Yet the sketches are faultless; here Hebrew story-telling is at its height, and the stories, unlike their rivals in Genesis, are history. Occasionally, it is true, the patching together of different traditions has blurred the effect, and rendered some details of the history obscure. Mr. Harold Wiener, who will not be suspected of arbitrary criticism, observes frankly that "for the period of Saul's lifetime we have duplicate accounts of many matters, and these cannot always be reconciled in all respects. The natural process of deterioration to which every MS. text is subject and the editorial methods employed have tended to obscure the course of events further, nor can we be certain that our informants always had exact knowledge." These remarks, which of course have a bearing on the entire group of histories in the Old Testament, do not, however, affect the fact that the traditions take us very close to the actual events, even though the Hebrew text may be full of self-contradictions. Thus it is not unlikely that the dramatic narrative of 2 Samuel ix-xx was actually penned by a man like Abiathar the priest, who had taken part in the thrilling events he portrays. These histories of the monarchy, indeed, may be earlier as compositions than some of the books which precede them in the canon; probably they were current in their present form by the middle of the sixth century, though it was only gradually that they came into this final form. Their dominating interest, however, is much more clear than the stages of their literary evolution. In them, as in the Pentateuch, though less definitely, the reader feels that passion for monotheism and morality which, at its best, made the people a people apart from all ancient races. The passion surges in the prophets, and through their spirit and influence it permeated the minds of those who compiled and enforced the Law, but it is dominant in these chronicles of Israel before and during the monarchy.
The exodus from Egypt produced no literature. The exodus from Babylonia was rich in literature, reflecting various points of view, sometimes noble, sometimes particularistic. Numerous fragments are scattered throughout the canonical book of Jeremiah and the minor prophets. But, during the sixth century, some independent prophetic literature emerged, like the oracles of the anonymous prophet or prophets which are enshrined in Isaiah xxiv-xxviii and xl-lv. Some of these are the most glorious of their class. Literature continued to appear in the fifth century, though of less weight-the sombre oracles of Obadiah and Joel, perhaps even the book of elegies called Lamenations with the Song of Solomon and the book of Jonah, Jonah breathes an ampler air than the narrower literature of its age. For the exile at once expanded and contracted the faith of Judaism. It widened and deepened spiritual religion in some natures; in others it led to a concentration on ritual. The more generous and humane outlook reappears in the so-called "Wisdom" literature of the period, which was one product of the scribes in this busy age; thus a book like Proverbs is sometimes more prudential than idealistic, it is reflective and speculative, and it ignores the Law altogether. Here we have earlier sources combined with later material, but the general tone is neither prophetic nor priestly. In the book of Job, which is probably not later than the fifth century, "a problem of faith is treated by Syrians and Arabians, just as if they were Jews," says Wellhausen, while as late as the third century the book of Ecclesiastes shows us "religion abandoning the theocratic ground altogether, and becoming a kind of philosophy in which there is room even for doubt and unbelief" - a doubt and unbelief which moved a pious editor here and there to interpolate cautions arid protests in the text. But alongside of this cosmopolitan and detached temper ran a concentration upon the worship and ritual of Judaism, which produced a literature of its own. No doubt there were scribes who edited the prophets, but others edited the law, and from their circle came the priestly composition divided afterwards into the books of Chronicles, to which the books of Ezra and Nehemiah were originally a sequel. This work traces the fortunes of the sacred community from Adam to Ezra and Nehemiah, giving a version of the history which suited the ecclesiastical ideals of the fourth or third century; none of-its sources is earlier than 600 B.C., and it represents the stand-point of the priestly legislation of its age. The romance of Esther, which never mentions God at all, comes from the same period, and from a temper of exultant nationalism. The book Daniel stands apart from both currents of thought, though it is nearer to Esther in tone ; in its present form, with prediction in the shape of history occupying the closing chapters, it is a glowing apocalypse thrown up by the struggle against Antiochus Epiphanes about 165 B.C. Then after the Maccabean struggle the book of Psalms was finally edited. It was the hymn-book the synagogues, and of the second temple, which, like all hymn-books for public worship, contains earlier compositions and even collections of material; some lyrics, it is held, may go back to David himself. The Psalter was primarily of the temple, but it is prophetic rather than priestly in its outlook. The editors of the prophets sometimes, as in the case of Jonah and Habakkuk, inserted psalms; so did the editors of the prose histories.But in some parts of the Psalter we breathe the finest air of the prophets at their highest level. In the Psalms, as Kuenen puts it, "we never, or scarcely ever, meet with an idea which is altogether wanting in the prophets. Yet we can say that this collection represents a new phase in the development of religious thought. In the psalms the prophetic truths are accepted, applied, and made general. It is as if the spirit of Israel were directed inward upon itself in the psalms, and taking count of its riches." The bulk of the Psalms are earlier than the Maccabean crisis, but in certain respects it is so much the climax of the religious literature that it is not inappropriate to let the last word on the evolution of that literature be a word upon this hymn-book of the Exilic community.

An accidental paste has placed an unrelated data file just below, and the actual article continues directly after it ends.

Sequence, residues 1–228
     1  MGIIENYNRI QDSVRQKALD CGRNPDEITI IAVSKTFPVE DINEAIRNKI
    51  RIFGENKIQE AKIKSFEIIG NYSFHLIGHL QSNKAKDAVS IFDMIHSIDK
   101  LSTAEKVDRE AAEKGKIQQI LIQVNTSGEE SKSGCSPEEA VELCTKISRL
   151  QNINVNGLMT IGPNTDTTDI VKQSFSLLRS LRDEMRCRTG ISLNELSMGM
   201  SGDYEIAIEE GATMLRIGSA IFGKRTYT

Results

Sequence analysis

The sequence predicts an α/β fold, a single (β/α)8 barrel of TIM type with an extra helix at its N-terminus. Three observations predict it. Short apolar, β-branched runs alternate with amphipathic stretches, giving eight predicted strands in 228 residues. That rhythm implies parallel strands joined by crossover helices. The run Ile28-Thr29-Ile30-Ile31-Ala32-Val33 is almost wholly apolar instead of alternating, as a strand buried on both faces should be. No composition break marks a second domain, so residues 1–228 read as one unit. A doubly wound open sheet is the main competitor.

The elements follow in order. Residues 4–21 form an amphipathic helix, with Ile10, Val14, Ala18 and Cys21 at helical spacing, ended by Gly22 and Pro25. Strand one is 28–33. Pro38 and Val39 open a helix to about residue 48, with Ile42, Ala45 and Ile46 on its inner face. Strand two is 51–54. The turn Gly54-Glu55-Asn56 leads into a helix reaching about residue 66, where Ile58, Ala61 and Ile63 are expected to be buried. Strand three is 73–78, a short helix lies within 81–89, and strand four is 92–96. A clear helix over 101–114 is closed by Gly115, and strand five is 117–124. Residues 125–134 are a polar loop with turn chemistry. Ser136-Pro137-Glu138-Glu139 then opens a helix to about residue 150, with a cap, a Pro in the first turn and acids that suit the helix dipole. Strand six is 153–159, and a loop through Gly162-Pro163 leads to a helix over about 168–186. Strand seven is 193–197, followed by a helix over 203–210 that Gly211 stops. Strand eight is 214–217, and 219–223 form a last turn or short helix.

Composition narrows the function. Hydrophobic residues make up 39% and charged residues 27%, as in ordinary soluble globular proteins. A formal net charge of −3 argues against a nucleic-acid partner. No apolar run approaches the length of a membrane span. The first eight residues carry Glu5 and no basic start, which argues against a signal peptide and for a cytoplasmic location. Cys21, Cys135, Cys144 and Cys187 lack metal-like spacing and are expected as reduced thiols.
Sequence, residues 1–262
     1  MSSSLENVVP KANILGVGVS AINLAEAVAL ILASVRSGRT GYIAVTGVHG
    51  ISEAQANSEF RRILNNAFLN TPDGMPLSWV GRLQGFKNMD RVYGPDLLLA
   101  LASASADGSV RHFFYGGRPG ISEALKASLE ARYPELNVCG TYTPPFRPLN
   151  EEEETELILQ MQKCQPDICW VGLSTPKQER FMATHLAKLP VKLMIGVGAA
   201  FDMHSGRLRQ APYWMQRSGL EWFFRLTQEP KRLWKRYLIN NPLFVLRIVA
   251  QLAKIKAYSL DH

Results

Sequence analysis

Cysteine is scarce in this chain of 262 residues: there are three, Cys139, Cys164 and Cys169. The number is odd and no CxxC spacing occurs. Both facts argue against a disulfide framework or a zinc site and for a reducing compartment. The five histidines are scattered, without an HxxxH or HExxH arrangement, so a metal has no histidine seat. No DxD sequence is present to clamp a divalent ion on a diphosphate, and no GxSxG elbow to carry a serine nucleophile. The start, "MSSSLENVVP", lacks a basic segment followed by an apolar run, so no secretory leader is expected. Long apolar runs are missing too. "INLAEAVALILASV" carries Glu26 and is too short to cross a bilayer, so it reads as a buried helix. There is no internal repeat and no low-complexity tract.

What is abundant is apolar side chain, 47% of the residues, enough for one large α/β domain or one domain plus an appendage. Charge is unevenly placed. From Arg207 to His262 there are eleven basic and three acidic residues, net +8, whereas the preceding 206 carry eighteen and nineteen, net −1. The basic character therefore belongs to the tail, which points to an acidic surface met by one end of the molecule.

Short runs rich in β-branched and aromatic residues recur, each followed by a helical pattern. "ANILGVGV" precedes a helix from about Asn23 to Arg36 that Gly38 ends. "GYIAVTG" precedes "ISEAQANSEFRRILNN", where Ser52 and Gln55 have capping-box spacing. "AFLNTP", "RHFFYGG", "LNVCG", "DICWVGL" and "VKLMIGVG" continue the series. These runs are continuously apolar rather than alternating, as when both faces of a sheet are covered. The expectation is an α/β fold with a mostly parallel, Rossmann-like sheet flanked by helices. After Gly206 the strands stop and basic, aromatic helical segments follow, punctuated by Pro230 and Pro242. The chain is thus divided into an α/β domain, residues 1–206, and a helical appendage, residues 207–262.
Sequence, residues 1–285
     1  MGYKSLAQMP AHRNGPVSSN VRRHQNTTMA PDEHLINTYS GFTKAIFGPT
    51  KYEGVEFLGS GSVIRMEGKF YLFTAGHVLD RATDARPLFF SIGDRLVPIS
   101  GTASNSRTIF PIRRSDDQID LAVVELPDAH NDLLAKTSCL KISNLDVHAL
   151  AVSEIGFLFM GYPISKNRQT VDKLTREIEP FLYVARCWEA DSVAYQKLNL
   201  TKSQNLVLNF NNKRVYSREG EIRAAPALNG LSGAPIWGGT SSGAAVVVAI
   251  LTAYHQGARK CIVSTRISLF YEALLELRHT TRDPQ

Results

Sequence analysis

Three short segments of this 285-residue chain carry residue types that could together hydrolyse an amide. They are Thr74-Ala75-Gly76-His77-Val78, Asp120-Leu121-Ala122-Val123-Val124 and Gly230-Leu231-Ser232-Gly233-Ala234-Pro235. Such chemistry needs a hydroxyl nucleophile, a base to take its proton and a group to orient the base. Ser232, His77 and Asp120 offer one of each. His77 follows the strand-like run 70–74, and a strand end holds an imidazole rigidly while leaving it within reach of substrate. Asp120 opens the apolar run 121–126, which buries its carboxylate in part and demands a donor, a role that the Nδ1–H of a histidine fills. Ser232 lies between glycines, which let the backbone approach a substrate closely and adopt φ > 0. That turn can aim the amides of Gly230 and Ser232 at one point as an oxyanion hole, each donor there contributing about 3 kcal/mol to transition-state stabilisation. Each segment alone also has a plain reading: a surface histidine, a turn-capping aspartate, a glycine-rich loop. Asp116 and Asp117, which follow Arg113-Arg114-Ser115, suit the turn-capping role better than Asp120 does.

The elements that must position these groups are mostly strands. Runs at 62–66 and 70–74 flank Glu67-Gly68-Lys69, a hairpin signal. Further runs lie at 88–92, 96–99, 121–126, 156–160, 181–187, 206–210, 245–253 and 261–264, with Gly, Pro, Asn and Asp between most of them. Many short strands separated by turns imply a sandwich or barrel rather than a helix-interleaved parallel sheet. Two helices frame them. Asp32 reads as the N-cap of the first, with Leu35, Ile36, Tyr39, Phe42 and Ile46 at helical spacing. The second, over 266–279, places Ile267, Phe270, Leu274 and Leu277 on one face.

The little library, which we call the Old Testament, thus turns out to be a reflection of national life in sharply defined phases; the Hebrews, Israel, and the Jews successively appear as its bearers. But there is a religious unity through the complicated story, a unity which carries with it a continuity of purpose. The people themselves were not always conscious of that purpose, and even when they were they frequently did their best to thwart it. Nevertheless, the purpose prevailed. The religious mind calls it a revelation of God, and the more we pass through a study of the literature into a conception of the people among whom it arose, the more we compare their faith and fortunes with those of their neighbours, the more impossible it seems to explain the rise and career of these particular Semitic clans within the ancient world, apart from a Divine choice. These who called the literature (the Scriptures of) "The Old Testament" believed that this Divine choice and purpose was fulfilled in the "New Testament," in the religious movement within Judaism which, during the first century A.D., named itself after Jesus Christ. The members of this movement held that the Old Testament was unintelligible apart from the New, and the New unintelligible apart from the Old. The Church believes that the divine purpose revealed in the Old Testament is not to be fulfilled in any national future for Judaism, within Palestine or elsewhere, but in a catholic community for the world. Hence its Bible adds the New Testament to the Old as the one and only sequel. But, before we pass to the New Testament literature, we must round off our brief outline of the Old.